Ree O’Connor is a trained assassin with special abilities such as clairvoyance and setting things on fire. While targeting a rich Russian bastard who makes his money causing destruction both above and below the surface of the ocean, something goes wrong and she’s nearly killed. Luckily for her Prince Alexandros is onboard, also tasked with a mission to kill the rich Russian bastard and he takes her under the water and saves her.

Alex meanwhile is having serious issues clashing with the queen of the Lemorians who, in an attempt to sire a princess to sit on the throne after her, is banging Prince Caddoc like a screen door in a hurricane. Caddoc meanwhile is tired of his mother’s abuse so when the Lemorian queen declares their goddess needs a sacrifice he offers her up in his place to fling into an underwater volcano.

Alex also can’t understand why, despite his own aversion to humans that led him to lecture his brothers against taking human mates in the first two books, he can’t suppress the urge to plow Ree. There’s more trouble in store for poor Alex because while he’s fighting along side Ree to kill the rich Russian bastard, who apparently has a fleet of helicopters to rush him to safety at any given time, his brothers are playing hot potato with the crown.  It seems nobody wants to be Poseidon since daddy bought it in book 2.

Sadly, this series started out promising but just ended in colossal disappointment. The sex scenes actually become fairly dull especially in Waterborne and just happen way too often. In fact, you kind of get the feeling that even Irons starts getting bored with them because she stops giving details, which is a shame since there really isn’t much variation to the scenes she does describe in the whole series. I also don’t get why Irons insists on giving her heroines boyfriends when none of them actually become important characters. The only reason I could think of is the only way she could convey the sex appeal of her heroines is to saddle them with a boyfriend, fiance or husband which is pretty damn sad if it is true.

One thing I did take away from reading this series is writing style and plot devices NOT to use. I don’t mean this to be harsh or insulting, I’m actually serious. As I write my own series and books I will be keeping in mind not to have easily killable enemies, tedious sex scenes and secondary characters the plot could do without. I’m honestly hoping Katherine Irons’ writing improves with time because she’s incredibly imaginative and I do like her use of myths. I would actually prefer to read something that was an absolute train wreck from page one than descend into a spiral of dismay as I witness the demise of a promising storyline.

Harlequin Book Reviews & Operation Paperback

Today I’ll be reviewing two short romance novels, one I liked and the other well, not so much. The first book is a Harlequin Blaze anthology called Once Upon A Valentine with authors Stephanie Bond, Leslie Kelly and Michelle Rowen.

I’ve always been a sucker for alternative retellings of fairy tales and popular stories and this book definitely delivered. The book starts with Stephanie Bond’s All Tangled Up which is an incredibly loose take on Rapunzel. Busy NY ad exec Andrew McMillan returns to his native sleepy hamlet of Tiny, Tennessee to bury his father and drives into a tree to avoid running into a horse he didn’t see because he was too busy being captivated by the sight of his neighbor’s beautiful long golden hair. Summer Tomlinson has had a longtime crush on Andrew and of course now that she’s a beautiful woman with hair so strong he keeps getting tangled in it throughout the story, the feeling soon becomes mutual. Andrew hates small time life and after helping Summer market the hair product she and his father developed, which is responsible for the length and strength of her hair, he needs to decide whether to return to life in the big city or spend the rest of his days in the arms of his beautiful neighbor.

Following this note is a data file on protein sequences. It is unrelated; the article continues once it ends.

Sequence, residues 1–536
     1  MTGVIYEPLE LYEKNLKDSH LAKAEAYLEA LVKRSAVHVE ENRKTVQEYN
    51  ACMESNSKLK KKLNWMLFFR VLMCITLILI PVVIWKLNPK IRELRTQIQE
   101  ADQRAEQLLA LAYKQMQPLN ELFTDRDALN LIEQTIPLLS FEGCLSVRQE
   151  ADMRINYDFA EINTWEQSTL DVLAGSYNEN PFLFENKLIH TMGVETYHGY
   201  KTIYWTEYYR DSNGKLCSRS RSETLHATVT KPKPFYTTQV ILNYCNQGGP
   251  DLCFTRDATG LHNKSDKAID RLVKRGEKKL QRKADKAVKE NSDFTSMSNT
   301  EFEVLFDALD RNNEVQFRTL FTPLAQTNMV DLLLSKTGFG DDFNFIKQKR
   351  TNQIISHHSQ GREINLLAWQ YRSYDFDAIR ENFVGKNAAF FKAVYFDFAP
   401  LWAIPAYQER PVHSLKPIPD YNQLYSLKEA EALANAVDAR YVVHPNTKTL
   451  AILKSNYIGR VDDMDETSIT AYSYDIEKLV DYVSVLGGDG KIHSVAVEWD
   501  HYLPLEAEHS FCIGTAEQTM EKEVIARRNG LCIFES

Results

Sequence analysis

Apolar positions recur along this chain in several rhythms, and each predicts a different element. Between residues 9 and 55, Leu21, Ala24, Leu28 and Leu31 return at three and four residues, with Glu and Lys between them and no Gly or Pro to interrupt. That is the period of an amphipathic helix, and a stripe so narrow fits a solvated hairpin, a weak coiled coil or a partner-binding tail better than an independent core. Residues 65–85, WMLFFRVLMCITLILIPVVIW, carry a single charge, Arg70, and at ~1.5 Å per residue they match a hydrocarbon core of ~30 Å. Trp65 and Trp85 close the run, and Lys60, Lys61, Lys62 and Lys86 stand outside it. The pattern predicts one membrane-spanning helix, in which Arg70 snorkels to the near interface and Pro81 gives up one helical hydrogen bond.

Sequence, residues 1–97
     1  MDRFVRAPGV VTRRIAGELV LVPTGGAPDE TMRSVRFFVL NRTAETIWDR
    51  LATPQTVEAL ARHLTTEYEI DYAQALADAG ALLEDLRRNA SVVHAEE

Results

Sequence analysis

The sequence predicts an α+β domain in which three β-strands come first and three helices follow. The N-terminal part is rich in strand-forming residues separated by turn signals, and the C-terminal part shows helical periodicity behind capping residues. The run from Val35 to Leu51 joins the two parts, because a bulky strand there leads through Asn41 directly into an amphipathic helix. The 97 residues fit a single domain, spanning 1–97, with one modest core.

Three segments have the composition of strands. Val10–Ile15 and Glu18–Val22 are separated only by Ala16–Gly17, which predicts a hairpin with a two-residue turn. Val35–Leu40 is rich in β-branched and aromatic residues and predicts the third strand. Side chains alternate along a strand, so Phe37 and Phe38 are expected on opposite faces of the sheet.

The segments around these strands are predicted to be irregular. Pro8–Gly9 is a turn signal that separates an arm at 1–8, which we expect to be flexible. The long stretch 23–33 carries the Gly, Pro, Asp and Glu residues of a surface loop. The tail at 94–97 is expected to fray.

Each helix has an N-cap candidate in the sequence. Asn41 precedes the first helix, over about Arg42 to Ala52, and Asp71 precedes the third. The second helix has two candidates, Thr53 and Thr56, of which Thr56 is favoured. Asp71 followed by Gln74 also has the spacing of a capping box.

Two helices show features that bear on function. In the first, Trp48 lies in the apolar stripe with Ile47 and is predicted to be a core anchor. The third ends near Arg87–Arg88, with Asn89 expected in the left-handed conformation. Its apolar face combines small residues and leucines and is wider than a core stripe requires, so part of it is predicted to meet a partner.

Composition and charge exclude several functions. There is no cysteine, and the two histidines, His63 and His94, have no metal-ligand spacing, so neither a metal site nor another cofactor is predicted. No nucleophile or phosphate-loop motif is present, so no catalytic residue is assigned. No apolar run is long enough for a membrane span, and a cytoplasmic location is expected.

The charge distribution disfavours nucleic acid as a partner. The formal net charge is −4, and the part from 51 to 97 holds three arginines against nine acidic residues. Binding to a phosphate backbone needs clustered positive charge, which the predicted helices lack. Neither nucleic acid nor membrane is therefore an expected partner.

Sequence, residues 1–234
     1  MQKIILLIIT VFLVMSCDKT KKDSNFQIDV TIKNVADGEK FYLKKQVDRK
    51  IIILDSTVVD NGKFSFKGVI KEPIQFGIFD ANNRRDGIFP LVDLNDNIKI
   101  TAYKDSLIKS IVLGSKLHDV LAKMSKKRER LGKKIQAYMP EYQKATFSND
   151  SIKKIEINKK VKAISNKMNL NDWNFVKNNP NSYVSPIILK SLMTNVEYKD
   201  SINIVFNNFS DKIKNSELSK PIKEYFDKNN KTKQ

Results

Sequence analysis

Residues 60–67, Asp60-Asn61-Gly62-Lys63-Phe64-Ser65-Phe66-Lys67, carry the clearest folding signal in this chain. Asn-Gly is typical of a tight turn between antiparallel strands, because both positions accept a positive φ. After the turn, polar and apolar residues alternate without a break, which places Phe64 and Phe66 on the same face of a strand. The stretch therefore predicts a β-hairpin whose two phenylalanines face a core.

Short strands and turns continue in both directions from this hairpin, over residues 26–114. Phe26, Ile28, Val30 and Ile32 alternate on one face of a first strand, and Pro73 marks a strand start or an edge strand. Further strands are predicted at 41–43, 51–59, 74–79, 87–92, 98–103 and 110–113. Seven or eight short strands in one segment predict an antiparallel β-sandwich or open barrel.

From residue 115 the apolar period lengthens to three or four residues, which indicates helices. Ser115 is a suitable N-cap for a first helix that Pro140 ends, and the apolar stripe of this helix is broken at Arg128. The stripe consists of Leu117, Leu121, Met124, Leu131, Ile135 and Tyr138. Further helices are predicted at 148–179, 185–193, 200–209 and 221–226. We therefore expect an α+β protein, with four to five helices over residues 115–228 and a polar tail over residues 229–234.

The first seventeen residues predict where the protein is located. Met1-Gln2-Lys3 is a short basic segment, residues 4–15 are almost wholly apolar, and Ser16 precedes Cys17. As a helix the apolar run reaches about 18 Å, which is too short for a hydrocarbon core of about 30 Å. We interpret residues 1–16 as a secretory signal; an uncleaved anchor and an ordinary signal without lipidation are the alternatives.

Sleeping with a Beauty by Leslie Kelly is another interesting story that involves a historian from an alternate fantasy universe trying to complete her father’s lifelong search for the elusive mythical castle from the story of Sleeping Beauty. She soon finds herself under the protection of an adventurer from our world hired by her uncle to keep her safe from the clutches of ruthless parties also interested in the castle. I love Ashlynn’s reactions to what we take for granted in this world, such as missing Chunky Monkey when she goes home once she realizes the ice cream doesn’t actually contain animal chunks, and I think this story is my favorite out of the three.

The final story is a very cute take on the Gingerbread Man story called Catch Me by Michelle Rowen. Ginger and her best friend Stephen work in his book publishing business and have to tackle a very difficult author who also happens to be their cash cow. After yet another disastrous blind date, Ginger is approached by an employee of the Valentine Cafe who gives her a magic gingerbread man and tells her to make a wish when she eats it. Shrugging, Ginger wishes she would be wanted by men before devouring the cookie. Suddenly she finds herself dealing with lots of unwanted attention, which includes getting screamed at by a couple of wives, before facing her ultimate dilemma. When Stephen is unable to control himself and confesses his love for Ginger, she wonders whether or not the words she’d always wanted to hear came under the influence of the cookie.

I don’t usually read holiday based books but this one centered around Valentine’s Day is a light and pleasant read and I highly recommend it:)

Monarch of the Sands by Sharon Kendrick